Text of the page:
4. How long are the ultra-light-concrete “plinths” going to last? I get that tearing down the old reversible lane structure would have been difficult; it’s a part of the westbound structure in a lot of places. But depending on an old elevated roadway to support four-car articulated LRV trains is quite sketchy. I hope they don’t end up with big cracks at the support joints like the High Bridge after a few years.

      Once East Link starts it’s going to be shaping the East Side and will quickly become an essential transportation facility. Having to tear down the reversible portion of the structure from the tunnels to I-5 in ten years to replace it with “real” rail supports would be a fustercluck of the FIRST DEGREE.

      1. Yeah. That would certainly be a total disaster. Btw, refresh my memory here if you could. How does the East Link guideway cross the East Channel? Is that an independent structure or was it tied into the existing bridge infrastructure?

      2. The tracks across the East Channel bridge were built on the existing bridge, using the roadbed previously used for the express lanes.

        The East Channel bridge is a beam bridge, not a floating bridge, although I don’t know if that impacted the types of fasteners used.

        The overall question about the lifespan of the tracks across the floating bridge is a fair one. The bridge itself will be over 35 years old when (if) East Link opens in 2025. For context, the predecessor to this bridge was replaced after 49 years and the Evergreen Point bridge was replaced after 53. Even if everything works this time with the rail, it may not be too many years before bridge replacement is necessary.

      3. Tom, at the time, I thought ST should have spent more and constructed its own guideway parallel to the D-2 roadway; it could have remained open and carried buses much longer. When I-90 bus routes lost both the bridge center roadway and the D-2 roadway, they were several minutes slower and more costly; the ST response was to cut trips. They starved bus operations of budget.

      4. Thanks for the info and the reply, Andy. Yeah I’m familiar with the history of the floating bridges and the Mount Baker Tunnels. I moved here from NY in the late 80s so I was here when the original I-90 (Murrow) Bridge sank. Thanks again for the info about the East Channel segment. I just couldn’t remember how that section of the guideway was constructed and was being a bit lazy. :)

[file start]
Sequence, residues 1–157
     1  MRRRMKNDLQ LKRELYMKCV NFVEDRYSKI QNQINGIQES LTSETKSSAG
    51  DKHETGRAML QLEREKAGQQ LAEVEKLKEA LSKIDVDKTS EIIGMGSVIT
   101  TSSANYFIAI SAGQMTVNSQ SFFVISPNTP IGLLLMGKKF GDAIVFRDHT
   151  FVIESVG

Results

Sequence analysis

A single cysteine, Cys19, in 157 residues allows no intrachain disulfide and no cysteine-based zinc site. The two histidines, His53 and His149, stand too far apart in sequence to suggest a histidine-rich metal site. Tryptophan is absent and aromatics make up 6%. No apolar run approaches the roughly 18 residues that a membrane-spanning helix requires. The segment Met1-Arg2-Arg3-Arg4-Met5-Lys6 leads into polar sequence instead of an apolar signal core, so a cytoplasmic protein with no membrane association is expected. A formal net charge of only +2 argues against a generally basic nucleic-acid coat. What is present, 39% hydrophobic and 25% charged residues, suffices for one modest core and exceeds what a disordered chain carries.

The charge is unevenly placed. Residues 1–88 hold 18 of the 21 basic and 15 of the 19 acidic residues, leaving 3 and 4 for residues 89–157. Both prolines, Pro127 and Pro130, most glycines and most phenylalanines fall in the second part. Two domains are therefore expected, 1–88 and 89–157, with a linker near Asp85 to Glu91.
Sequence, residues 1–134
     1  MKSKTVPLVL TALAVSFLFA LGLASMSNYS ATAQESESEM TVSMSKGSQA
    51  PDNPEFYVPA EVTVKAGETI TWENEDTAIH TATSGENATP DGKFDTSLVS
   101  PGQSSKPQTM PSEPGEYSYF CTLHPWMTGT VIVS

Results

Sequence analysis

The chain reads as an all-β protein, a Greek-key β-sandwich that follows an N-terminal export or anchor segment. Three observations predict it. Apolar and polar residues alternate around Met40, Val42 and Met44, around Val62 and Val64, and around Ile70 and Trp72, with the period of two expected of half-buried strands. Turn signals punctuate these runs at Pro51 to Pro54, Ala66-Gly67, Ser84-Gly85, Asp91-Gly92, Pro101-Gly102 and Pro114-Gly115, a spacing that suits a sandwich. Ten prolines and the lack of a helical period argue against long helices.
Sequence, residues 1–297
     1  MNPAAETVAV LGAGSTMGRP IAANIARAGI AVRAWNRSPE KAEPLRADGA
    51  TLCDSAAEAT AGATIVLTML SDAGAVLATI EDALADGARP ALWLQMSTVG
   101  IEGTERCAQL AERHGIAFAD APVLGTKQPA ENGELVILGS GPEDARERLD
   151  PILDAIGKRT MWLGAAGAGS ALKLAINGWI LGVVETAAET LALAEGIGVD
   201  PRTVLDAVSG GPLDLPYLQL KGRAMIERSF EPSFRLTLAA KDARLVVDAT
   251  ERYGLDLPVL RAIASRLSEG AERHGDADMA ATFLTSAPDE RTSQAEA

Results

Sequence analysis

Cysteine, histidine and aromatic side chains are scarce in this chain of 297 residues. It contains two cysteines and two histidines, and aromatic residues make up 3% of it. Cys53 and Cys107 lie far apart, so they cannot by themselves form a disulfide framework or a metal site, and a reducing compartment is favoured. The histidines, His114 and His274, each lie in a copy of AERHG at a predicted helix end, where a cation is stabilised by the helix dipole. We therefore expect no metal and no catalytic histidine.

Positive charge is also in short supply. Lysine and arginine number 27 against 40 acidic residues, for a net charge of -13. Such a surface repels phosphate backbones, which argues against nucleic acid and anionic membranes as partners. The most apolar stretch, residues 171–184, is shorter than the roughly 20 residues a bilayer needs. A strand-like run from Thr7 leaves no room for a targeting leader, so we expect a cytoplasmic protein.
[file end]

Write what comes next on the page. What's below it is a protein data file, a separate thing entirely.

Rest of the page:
5. ST doesn’t have any money. The subareas do. If a separate bridge for East Link was built it would have to be a “shared regional facility” paid for by all five subareas, or E KC and N KC would have to share the cost. E KC has paid for 100% of East Link across the bridge and 100% of the express buses.

        The original intent was to have complementary forms of transit in the center roadway, until the rails had to be raised off the concrete due to vibrations, which precludes any form of transportation other than rail.

        RA-8 increased the general purpose lanes from 3 to 4 which was a huge improvement in congestion. The problem was buses had to move four lanes to the HOV lanes and then back between Seattle and MI, but East Link was suppose to open in 2021 eliminating buses across the bridge (except for buses like the 630).

        Post pandemic ridership on buses across the bridge is very light, and there is little traffic congestion so buses just stay in the outside lane to avoid moving 4 lanes to the left and 4 lanes to the right.

        A former STB poster named Bernie often brought up the lifespan of the bridge, and whether East Link could accelerate the need for replacement. Unlike 520 I think it would be difficult to build a new bridge alongside the old bridge because of the Mount Baker tunnels and access on MI. These same factors precluded a separate rail bridge in the past, and when issues with the hinge and post tensioning looked like they could preclude East Link in the center roadway

        From the beginning I have requested that Eastside councils and WSDOT require an independent third party to monitor the testing for East Link across the bridge span. I think a third party is even more important after the train derailment and concealment of the plinth issue for 3 months, and then ST’s public statement it would repair the defective plinths when we now know they were completely removing the plinths.

        I don’t trust ST. They have lied and concealed too much. East Link is almost irrelevant post pandemic based on current transit ridership and the effectiveness of the express buses despite very low ridership, but the bridge is existential for Seattle and the Eastside, especially the port.

        If East Link has to run fewer, slower or fewer car trains across the bridge span it won’t be the end of the world based on current ridership. If East Link can’t run across the bridge at all a bus bridge to S Bellevue is the most likely solution, although ironically it would require removing the plinths and raised rails in the center roadway.